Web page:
After Keystone XL Pipeline legislation was narrowly defeated in Congress, Mitch McConnell (R-KY), incoming Senate Majority Leader, promised to pass the bill in January when Republicans take control of the Senate. They already control the House of Representatives. Although the life of the Keystone Pipeline is in the hands of President Obama, Sen. John Hoeven (R-ND), lead sponsor of the bill, has acknowledged the Senate may tie the bill to a larger energy package, thus forcing the President’s hand in their favor.
According to Carbon Tracker Initiative, the State Department’s environmental assessment of the Keystone project is dangerously understating “both economic and environmental exposures.” It also states that any price per barrel “uplift will be eroded by pipeline costs and diluent expenses to around $5.5/barrel, leaving only a few dollars margin to absorb any other factors, including production cost increases, carbon offset costs, and any future price discounts.” A dismal and high-risk investment for both U.S. and Canada.
The State Department’s report concluded that there would be no significant economic impact on the U.S., meaning U.S. citizens will not see any savings at the gas pump nor will it grant us energy independence, by oil or dollar. In fact, more money will be given to more oil companies. For example, U.S. taxpayers will be paying one oil producer, Motiva, up to $1 billion in fuel subsidies to increase their tar sands oil technology. That’s just to one company. Only the rich will be getting richer.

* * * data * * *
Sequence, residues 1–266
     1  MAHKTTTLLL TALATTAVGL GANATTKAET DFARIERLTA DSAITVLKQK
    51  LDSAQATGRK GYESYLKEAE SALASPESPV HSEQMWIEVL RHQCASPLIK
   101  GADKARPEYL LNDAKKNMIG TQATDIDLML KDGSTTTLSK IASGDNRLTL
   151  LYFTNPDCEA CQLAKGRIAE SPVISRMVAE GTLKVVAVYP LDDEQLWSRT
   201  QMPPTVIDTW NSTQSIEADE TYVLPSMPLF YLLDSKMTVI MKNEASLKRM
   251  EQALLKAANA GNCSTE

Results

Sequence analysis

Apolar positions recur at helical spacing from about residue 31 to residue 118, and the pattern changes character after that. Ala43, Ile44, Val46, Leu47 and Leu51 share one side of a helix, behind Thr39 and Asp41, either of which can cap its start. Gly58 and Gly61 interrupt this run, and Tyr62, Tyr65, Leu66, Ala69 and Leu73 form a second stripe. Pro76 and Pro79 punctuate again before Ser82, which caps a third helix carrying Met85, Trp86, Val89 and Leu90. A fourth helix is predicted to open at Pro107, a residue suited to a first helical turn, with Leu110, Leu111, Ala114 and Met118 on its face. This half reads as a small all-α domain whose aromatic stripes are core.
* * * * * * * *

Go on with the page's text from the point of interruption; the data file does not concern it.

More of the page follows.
By comparison, TransCanada would not be making any of the affected landowners into millionaires. In fact, just ask Julia Trigg Crawford of Direct, Texas, how she felt when TransCanada condemned her property, then built their pipeline on it against her wishes. In the CNBC article, “The other Keystone fight: US landowners vs. Canada oil giant”, Adam Molon writes how Trigg Crawford feared for the water, the land, and the 145 Caddo Indian burial artifacts found during an archeological study. Any other possible artifacts were destroyed in the construction of the Keystone Pipeline. TransCanada, a Canadian company, was allowed to seize United States land through strong-arm tactics and under the banner of eminent domain. One can imagine as the 1,700 miles of Canadian flags swath through the U.S. heartland, that they are mockingly waving a reminder of Canada’s ability to literally dissect this country in two.
The Keystone jobs bill, as it is trumpeted, will be exactly that for 50 lucky people. The rest of the thousands of jobs created will only last as long as it takes to lay pipe. Part of the pipeline will run over and through part of the Oglala Aquifer, the largest source of fresh water for the Great Plains. A leak would devastate this sensitive and critical source of water for 2 million people and 13 million acres of land. The Keystone Pipeline WILL LEAK. It has already, many times. If you don’t think water is important then ask any Californian under drought restrictions. Ask the poor in Detroit as that city shuts off their taps for late payments, but leaves it on for the golf courses and sports complexes owing hundreds of thousands. Ask the farmers and ranchers who grow your food. Watch how valuable water becomes when you don’t have it anymore.